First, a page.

Gertrude Stein Quotes

I like a thing simple but it must be simple through complication. Everything must come into your scheme, otherwise you cannot achieve real simplicity.
Gertrude Stein (1874-1946), U.S. author and patron of the arts; relocated to France. As quoted in What Are Masterpieces, Afterword, by Robert Haas (1970). Said in a January 1946 interview with Haas.
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Men ... are so conservative, so selfish, so boresome, and ... they are so ugly, and ... they are gullible, anybody can convince them.
Gertrude Stein (1874-1946), U.S. author. (Written 1946), originally published with the vocal score as the libretto for the opera by Virgil Thomson, Music Press (1947). The Mother Of Us All, Last Operas and Plays, Rinehart (1949).
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Human beings are interested in two things. They are interested in the reality and interested in telling about it.
Gertrude Stein (1874-1946), U.S. author and patron of the arts; relocated to France. As quoted in What Are Masterpieces, afterword, by Robert Haas (1970). Said in a January 1946 interview with Haas.
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Argument is to me the air I breathe. Given any proposition, I cannot help believing the other side and defending it.
Gertrude Stein (1874-1946), U.S. author. "The Radcliffe Manuscripts," Form and Intelligibility, Exposition Press, ed. Rosalind S. Miller (1949). Undergraduate composition at Radcliffe College, 1895.
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I have always noticed that in portraits of really great writers the mouth is always firmly closed.
Gertrude Stein (1874-1946), U.S. author and patron of the arts; relocated to France. As quoted in What Are Masterpieces, afterword, by Robert Haas (1970). Said in a January 1946 interview with Haas.
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From the very nature of progress, all ages must be transitional. If they were not, the world would be at a stand-still and death would speedily ensue. It is one of the tamest of platitudes but it is always introduced by a flourish of trumpets.
Gertrude Stein (1874-1946), U.S. author. The Radcliffe Manuscripts, Form and Intelligibility, ed. by Rosalind S. Miller, Exposition Press (1949). Written as an undergraduate composition 1894.
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Just as everybody has the vote including women, I think children should, because as a child is conscious of itself then it has to me an existence and has a stake in what happens.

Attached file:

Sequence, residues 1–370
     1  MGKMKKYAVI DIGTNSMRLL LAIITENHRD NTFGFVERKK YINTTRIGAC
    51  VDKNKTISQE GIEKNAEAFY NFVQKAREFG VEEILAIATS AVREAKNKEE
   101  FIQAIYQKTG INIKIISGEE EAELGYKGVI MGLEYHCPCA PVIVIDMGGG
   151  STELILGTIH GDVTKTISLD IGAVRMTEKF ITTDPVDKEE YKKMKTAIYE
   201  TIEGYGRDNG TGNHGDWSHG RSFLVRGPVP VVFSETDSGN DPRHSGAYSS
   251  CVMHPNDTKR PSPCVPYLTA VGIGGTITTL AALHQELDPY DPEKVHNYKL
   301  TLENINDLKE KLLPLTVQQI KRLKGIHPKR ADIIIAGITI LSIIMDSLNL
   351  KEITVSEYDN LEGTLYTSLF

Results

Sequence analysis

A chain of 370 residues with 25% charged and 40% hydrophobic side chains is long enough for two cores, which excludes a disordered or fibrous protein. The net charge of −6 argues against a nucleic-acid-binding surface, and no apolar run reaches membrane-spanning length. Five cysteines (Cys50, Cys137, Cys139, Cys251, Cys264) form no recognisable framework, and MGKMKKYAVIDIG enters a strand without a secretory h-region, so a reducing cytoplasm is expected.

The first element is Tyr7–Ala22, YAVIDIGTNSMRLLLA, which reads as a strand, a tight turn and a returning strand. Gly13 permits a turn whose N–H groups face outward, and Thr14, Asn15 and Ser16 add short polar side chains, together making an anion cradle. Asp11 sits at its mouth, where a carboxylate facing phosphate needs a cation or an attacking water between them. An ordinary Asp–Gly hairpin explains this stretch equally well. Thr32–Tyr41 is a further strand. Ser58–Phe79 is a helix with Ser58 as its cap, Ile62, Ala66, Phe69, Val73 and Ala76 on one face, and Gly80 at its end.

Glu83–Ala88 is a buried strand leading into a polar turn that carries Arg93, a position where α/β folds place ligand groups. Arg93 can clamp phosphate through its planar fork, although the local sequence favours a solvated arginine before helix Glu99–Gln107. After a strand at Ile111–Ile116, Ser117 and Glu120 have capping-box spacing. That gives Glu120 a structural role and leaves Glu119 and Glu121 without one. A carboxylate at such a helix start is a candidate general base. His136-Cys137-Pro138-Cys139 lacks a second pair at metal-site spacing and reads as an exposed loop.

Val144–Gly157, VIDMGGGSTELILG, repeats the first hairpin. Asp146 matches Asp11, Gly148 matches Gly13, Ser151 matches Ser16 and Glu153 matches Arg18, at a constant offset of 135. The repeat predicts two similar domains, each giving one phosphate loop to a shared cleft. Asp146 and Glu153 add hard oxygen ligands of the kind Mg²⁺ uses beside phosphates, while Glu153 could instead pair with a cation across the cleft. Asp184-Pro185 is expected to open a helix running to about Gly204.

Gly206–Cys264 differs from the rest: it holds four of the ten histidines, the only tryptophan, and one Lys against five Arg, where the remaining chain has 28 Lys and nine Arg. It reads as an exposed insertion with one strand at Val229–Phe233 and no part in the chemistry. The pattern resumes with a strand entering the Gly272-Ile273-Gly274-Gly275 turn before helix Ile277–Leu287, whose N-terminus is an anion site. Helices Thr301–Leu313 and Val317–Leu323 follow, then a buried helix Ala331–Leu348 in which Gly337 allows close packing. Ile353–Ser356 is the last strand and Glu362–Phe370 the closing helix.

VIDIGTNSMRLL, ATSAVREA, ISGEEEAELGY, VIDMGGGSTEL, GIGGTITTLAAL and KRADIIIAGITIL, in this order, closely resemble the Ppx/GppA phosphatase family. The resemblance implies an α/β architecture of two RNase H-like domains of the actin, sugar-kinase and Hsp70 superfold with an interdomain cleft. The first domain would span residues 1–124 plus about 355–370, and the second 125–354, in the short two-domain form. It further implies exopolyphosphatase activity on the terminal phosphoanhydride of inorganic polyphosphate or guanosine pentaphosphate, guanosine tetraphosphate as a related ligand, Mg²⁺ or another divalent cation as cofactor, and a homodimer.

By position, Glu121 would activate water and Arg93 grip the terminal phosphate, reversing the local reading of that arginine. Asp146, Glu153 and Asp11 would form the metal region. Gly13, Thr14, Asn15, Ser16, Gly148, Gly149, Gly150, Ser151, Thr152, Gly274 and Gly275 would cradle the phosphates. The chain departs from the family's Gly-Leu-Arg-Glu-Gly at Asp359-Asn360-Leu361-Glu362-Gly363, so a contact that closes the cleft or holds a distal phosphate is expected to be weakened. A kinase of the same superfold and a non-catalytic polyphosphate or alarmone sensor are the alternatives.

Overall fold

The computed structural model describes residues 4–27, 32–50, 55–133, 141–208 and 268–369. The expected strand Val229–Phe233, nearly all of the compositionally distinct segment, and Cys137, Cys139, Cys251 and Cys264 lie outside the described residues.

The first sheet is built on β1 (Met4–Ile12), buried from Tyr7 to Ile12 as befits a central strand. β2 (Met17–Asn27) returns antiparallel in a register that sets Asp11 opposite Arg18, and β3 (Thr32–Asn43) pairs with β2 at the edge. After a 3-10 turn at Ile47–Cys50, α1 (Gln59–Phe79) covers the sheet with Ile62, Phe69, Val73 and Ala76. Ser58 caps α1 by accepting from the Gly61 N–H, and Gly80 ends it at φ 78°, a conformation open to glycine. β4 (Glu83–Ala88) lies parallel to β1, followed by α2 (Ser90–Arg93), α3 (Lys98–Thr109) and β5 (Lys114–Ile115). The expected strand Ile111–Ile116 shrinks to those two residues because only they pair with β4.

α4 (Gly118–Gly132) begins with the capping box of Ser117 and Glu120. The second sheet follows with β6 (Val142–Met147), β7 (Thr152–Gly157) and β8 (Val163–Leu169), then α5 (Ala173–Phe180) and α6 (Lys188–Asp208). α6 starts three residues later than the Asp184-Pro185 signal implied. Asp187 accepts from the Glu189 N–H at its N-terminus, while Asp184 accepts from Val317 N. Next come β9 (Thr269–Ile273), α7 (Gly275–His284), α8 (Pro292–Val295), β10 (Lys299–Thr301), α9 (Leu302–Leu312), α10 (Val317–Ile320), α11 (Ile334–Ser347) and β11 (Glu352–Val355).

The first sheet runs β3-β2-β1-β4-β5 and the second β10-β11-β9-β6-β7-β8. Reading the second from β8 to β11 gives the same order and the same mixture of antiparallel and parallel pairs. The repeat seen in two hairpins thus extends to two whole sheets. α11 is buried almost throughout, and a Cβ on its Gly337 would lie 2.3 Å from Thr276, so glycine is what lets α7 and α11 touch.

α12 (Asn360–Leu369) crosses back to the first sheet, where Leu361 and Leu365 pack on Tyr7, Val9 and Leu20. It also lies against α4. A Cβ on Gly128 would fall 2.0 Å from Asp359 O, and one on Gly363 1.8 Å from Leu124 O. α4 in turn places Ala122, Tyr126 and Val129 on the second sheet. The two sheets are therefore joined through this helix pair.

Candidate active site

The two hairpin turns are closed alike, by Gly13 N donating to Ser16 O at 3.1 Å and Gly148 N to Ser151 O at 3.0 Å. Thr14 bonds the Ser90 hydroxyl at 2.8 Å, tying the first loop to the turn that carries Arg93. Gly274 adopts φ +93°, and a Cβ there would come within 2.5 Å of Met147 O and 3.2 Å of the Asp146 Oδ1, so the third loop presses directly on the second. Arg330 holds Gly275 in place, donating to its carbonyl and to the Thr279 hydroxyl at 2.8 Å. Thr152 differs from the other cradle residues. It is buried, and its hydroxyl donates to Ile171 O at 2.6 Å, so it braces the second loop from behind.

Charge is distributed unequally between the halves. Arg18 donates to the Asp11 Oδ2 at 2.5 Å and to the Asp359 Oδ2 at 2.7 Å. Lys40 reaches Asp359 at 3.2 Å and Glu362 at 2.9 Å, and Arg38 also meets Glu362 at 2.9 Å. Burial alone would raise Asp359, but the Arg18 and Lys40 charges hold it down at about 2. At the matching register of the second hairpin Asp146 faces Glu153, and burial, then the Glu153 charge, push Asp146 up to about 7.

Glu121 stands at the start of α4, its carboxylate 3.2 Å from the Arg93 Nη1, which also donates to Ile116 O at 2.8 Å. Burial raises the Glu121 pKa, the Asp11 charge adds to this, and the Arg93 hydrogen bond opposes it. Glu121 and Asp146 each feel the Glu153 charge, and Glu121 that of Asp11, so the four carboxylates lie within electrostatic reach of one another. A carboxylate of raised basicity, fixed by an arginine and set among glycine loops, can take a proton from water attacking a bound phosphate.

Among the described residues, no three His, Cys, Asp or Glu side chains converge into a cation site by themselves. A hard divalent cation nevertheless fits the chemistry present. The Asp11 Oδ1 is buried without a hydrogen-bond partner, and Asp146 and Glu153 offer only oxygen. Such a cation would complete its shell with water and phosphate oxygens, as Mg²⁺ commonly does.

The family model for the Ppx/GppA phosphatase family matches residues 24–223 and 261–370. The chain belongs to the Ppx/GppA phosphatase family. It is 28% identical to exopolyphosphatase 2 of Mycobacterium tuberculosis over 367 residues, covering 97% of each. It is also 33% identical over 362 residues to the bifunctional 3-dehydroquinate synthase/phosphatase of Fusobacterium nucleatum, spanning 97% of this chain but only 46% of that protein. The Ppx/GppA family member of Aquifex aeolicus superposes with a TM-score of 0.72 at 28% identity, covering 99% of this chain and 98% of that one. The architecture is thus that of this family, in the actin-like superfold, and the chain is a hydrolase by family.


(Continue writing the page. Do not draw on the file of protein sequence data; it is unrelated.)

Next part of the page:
Gertrude Stein (1874-1946), U.S. author and patron of the arts; relocated to France. As quoted in What Are Masterpieces, afterword, by Robert Haas (1970). Said in a January 1946 interview with Haas.
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Writers only think they are interested in politics, they are not really, it gives them a chance to talk and writers like to talk but really no real writer is really interested in politics.
Gertrude Stein (1874-1946), U.S. author. Originally published in Partisan Review (Summer 1939). "The Situation in American Writing," How Writing Is Written, Black Sparrow Press (1974).
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When I sleep I sleep and do not dream because it is as well that I am what I seem when I am in my bed and dream.
Gertrude Stein (1874-1946), U.S. author. Originally published by Plain Edition (1931). Before the Flowers of Friendship Faded Friendship Faded, stz. 18, The Major Works of Gertrude Stein, Hon-no-Tomosha (1993).
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A novel is what you dream in your night sleep. A novel is not waking thoughts although it is written and thought with waking thoughts. But really a novel goes as dreams go in sleeping at night and some dreams are like anything and some dreams are like something and some dreams change and some dreams are quiet and some dreams are not. And some dreams are just what any one would do only a little different always just a little different and that is what a novel is.
Gertrude Stein (1874-1946), U.S. author. Originally published Nassau Literature (1935). "The Superstitions of Fred Anneday, Annday, Anday; a Novel of Real Life," How Writing Is Written: Volume II of the Previously Uncollected Writings of Gertrude Stein, ed. Robert Bartlett Haas, Black Sparrow Press (1974).
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